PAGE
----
Kurt Andersen

 

Magic, insight, and heartbreak.

 

 

Kurt Andersen has an uncanny knack for turning his curiosity into lively cultural landmarks. A co-founder of Spy magazine, a former columnist for New York and The New Yorker, and the co-creator and host of the Peabody Award-winning Studio 360, a radio cabinet of wonders, Andersen has also written the acclaimed novels Turn of the Century and Heyday. His latest book, Reset, surveys, with characteristically buoyant intelligence, the new world created by global financial turmoil. Here he shares three favorite reads.

 

Books by Kurt Andersen

 

 

 


 

 

Winter's Tale

By Mark Helprin

 

"When I first picked up Winter's Tale 25 years ago, I thought I was immune to the charms of historical fiction, of epic romanticism and, even more, of magical realism. A flying horse? Really? Well, the novel showed me definitively how cramped and wrong my literary prejudices had been: I was wonderstruck. It's a luxurious, funny, ennobling, awesome, deeply pleasurable tale set in an alternate-universe New York City around 1900...Gabriel Garcia Marquez meets Luc Sante, say. I envy people who haven't read it yet. "

 

 


 

 

The Electric Kool-Aid Acid Test

By Tom Wolfe

 

"The literary establishment doesn't really approve of Tom Wolfe, but when I first read this, I was a 15-year-old in Omaha, and didn't know from the literary establishment. I was already an avid reader of newspapers and magazines, but had no idea that journalism was capable of such literary special effects and you-are-there insight. Re-reading it recently, four decades after it was published, I found it stunning all over again. There's no better non-fiction chronicle of the countercultural Sixties."

 

 


 

In the Cut

By Susanna Moore

 

"Susanna Moore's In the Cut, like so many fine novels before it, was turned into a mediocre film, but I plead with you not to hold that against it. Yes, the novel is a great crime story teeming with sexuality -- that's why Hollywood sucked it up -- but in the scrupulous and troubling fashion of great literature. It's non-retro noir with an unforgettably lovable, damagned, heartbreaking heroine. "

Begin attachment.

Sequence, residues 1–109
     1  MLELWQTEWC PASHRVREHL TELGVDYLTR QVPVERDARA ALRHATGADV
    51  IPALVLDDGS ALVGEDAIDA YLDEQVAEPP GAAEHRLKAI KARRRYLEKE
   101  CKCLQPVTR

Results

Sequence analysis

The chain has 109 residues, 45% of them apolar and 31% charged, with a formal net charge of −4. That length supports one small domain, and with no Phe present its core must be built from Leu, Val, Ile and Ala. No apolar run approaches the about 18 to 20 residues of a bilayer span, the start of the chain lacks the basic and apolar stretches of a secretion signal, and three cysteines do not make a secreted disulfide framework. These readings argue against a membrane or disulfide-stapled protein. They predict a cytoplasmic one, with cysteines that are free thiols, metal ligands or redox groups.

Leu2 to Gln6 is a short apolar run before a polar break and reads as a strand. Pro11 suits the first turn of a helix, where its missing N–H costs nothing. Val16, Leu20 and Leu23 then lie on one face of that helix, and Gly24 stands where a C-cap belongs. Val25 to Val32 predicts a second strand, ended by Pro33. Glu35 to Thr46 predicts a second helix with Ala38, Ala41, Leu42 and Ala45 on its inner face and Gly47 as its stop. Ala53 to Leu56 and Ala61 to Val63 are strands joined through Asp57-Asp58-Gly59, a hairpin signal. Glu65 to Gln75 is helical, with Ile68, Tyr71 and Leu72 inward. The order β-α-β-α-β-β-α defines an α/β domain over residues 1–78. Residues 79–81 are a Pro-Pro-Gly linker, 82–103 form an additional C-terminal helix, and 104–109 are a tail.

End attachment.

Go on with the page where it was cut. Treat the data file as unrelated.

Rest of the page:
April 19: "What you see first, after the starting gun's crack, is a column of bobbing runners, thousands of them, surging downhill..."

Donna Tartt's The Goldfinch is the winner of the 2014 Pulitzer Prize for Fiction. James Parker calls this Dickensian coming-of-age novel "an enveloping…

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Books, CDs, DVDs to know about now
Poems That Make Grown Men Cry

And women too.  Luminaries from Colin Firth to Nick Cave and Jonathan Franzen chose the poems that bring them to tears, and the result is a stunning collection of poignant verse from writers like Auden, Whitman, Bishop, Larkin, Neruda and many others.  Warning: choking-up hazard.

The King of Pain

Trapped beneath his entertainment system, reality TV mastermind Rick Salter reflects on his life and tries to piece together the events of the previous evening. Seth Kaufman’s romp is an outrageous meditation on pain and entertainment in a deranged world in which the two are often interchangeable.

The Good Inn

Frank Black, frontman for the Pixies, has written a transgressive historical fiction with shades of Thomas Pynchon (focused as it is on the history of explosives and cinematic pornography), all set in a hallucinatory Edwardian Europe.